MANHASSET, NY -- Three papers to be delivered at IEDM to be held in Washington D.C in December will detail performance records achieved by compound semiconductor researchers.
As reported earlier, an Intel-led team will unveil tri-gate FinFET-type quantum-well InGaAs MOSFETs with 30-nm gates that deliver the best electrostatic performance of any III-V MOSFET.
In addition, a team from Teledyne, in cooperation with researchers at MIT, will unveil the record settings in high-electron-mobility transistors (HEMTs). The researchers fabricated enhancement-mode, 40-nm InGaAs metamorphic-HEMTs on GaAs substrates, and demonstrated a transconductance of more than 2.7 mS/µm. The devices achieved a record cutoff frequency (ft ) of 688 GHz, the highest ever reported from any FET in any material system, according to Teledyne researchers.
And a team led by HRL Laboratories/UC-San Diego also will report record performance from HEMT devices, but from an ultra-short gate length gallium nitride (GaN) version.
It is known that among compound semiconductors, GaN is unique in its ability to support both high current densities and high breakdown voltages. As shown by the team at HRL, it also offers excellent high-frequency performance.
The researchers built ultra-small 20-nm gate-length AlN/GaN/AlGaN double-heterostructure HEMTs on 3-inch silicon-carbide substrates, resulting in a GaN HEMT record ft of 310 GHz with a simultaneous fmax of 364 GHz. The team achieved these results through aggressive gate length and source-drain scaling, a novel self-aligned gate technology, vertical epitaxial scaling and parasitic resistance reduction. The devices were highly uniform across the wafer and demonstrated a breakdown voltage of 9 V.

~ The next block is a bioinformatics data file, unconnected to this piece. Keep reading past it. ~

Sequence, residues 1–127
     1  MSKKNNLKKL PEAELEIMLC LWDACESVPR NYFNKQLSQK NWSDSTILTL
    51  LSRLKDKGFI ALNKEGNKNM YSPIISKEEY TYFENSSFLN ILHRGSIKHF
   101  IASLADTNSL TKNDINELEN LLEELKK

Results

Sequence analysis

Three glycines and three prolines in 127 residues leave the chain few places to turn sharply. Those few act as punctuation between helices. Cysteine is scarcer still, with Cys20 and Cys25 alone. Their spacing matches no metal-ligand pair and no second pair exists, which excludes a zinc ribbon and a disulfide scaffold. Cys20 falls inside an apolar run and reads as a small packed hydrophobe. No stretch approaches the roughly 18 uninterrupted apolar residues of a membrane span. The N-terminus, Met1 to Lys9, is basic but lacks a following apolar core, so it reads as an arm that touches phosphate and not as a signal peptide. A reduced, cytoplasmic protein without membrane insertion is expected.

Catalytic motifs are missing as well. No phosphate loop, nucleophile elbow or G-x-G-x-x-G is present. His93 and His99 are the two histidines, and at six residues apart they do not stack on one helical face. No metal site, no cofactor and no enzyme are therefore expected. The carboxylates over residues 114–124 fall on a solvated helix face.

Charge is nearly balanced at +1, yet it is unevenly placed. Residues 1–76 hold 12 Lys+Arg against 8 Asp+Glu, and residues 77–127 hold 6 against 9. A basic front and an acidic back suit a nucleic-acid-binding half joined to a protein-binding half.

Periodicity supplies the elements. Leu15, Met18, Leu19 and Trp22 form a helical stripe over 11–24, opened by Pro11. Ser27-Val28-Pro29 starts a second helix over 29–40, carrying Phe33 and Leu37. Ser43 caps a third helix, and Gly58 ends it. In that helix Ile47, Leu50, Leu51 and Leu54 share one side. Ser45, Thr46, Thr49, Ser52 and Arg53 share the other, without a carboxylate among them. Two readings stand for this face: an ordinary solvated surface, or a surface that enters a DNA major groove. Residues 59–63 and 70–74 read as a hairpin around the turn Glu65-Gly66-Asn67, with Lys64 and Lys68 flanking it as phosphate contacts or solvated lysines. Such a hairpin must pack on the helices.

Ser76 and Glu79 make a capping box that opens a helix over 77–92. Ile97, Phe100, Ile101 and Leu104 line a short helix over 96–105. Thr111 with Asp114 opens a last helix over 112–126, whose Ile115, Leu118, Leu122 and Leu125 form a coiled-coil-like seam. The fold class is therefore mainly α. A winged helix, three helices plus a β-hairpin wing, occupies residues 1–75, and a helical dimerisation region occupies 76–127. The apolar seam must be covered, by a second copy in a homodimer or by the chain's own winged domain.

Evening compound session Complementing the record-reporting papers is an evening panel that will address the question whether silicon carbide (SiC) or GaN can replace silicon as the semiconductor for power devices.
Organized by Paul Chow, professor of Electrical, Computer, and Systems Engineering at Rensselaer Polytechnic Institute, the panel will discuss the tradeoffs between the two technologies as they apply to power semiconductors.
Discrete SiC and, more recently, GaN power devices have been commercialized with lower power loss and wider range of operating conditions than the corresponding silicon devices. Device costs are still substantially higher and long-term reliability is still questionable.
One objective of the panel is to consider whether discrete SiC or GaN power devices can be manufactured in silicon foundries to allow maximum rate of cost reduction and hence broaden system applications. The ultimate goal of monolithic integration of power, mixed-signal, rf and photonic devices and circuits using SiC or GaN devices side-by-side with silicon devices will also be discussed.
Panelists include Michael Breiere, formerly executive at International Rectifier and president of his consulting firm ACOO Ltd.; Peter Frederichs, Managing Director at SiCED, a joint venture between Siemens and Infineon; Dan Kinzer, chief technology officer and senior vice president, Technology at Fairchild Semiconductor; Umesh Mishra, professor at Electrical & Computer Engineering Department Engineering and Sciences, University of California, Santa Barbara; and John Palmour, co-Founder of Cree Inc. and Cree's Chief Technology Officer of Advanced Devices.
David Patterson, known for his pioneering research that led to RAID, clusters and more, is part of a team at UC Berkeley that recently made its RISC-V processor architecture an open source hardware offering. We talk with Patterson and one of his colleagues behind the effort about the opportunities they see, what new kinds of designs they hope to enable and what it means for today’s commercial processor giants such as Intel, ARM and Imagination Technologies.